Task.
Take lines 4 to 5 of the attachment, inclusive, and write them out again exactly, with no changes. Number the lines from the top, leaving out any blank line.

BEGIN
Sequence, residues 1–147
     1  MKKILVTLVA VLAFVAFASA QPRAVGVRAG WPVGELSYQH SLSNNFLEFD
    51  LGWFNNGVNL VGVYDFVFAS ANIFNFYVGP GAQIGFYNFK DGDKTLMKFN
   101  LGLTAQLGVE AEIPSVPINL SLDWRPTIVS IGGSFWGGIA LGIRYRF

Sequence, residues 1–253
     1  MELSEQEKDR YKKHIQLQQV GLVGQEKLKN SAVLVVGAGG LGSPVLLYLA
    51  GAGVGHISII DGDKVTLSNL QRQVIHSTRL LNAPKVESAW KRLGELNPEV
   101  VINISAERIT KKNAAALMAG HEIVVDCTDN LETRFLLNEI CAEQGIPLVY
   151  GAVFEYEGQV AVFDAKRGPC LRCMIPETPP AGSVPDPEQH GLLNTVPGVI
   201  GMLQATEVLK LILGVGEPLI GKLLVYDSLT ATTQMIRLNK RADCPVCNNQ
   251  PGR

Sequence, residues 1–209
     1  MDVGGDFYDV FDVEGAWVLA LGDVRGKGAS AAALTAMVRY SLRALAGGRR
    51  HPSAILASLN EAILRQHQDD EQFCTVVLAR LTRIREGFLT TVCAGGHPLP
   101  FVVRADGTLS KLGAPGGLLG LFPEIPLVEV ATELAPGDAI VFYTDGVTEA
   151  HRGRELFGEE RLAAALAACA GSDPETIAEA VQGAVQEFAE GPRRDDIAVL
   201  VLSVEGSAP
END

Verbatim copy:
   101  LGLTAQLGVE AEIPSVPINL SLDWRPTIVS IGGSFWGGIA LGIRYRF

Sequence, residues 1–253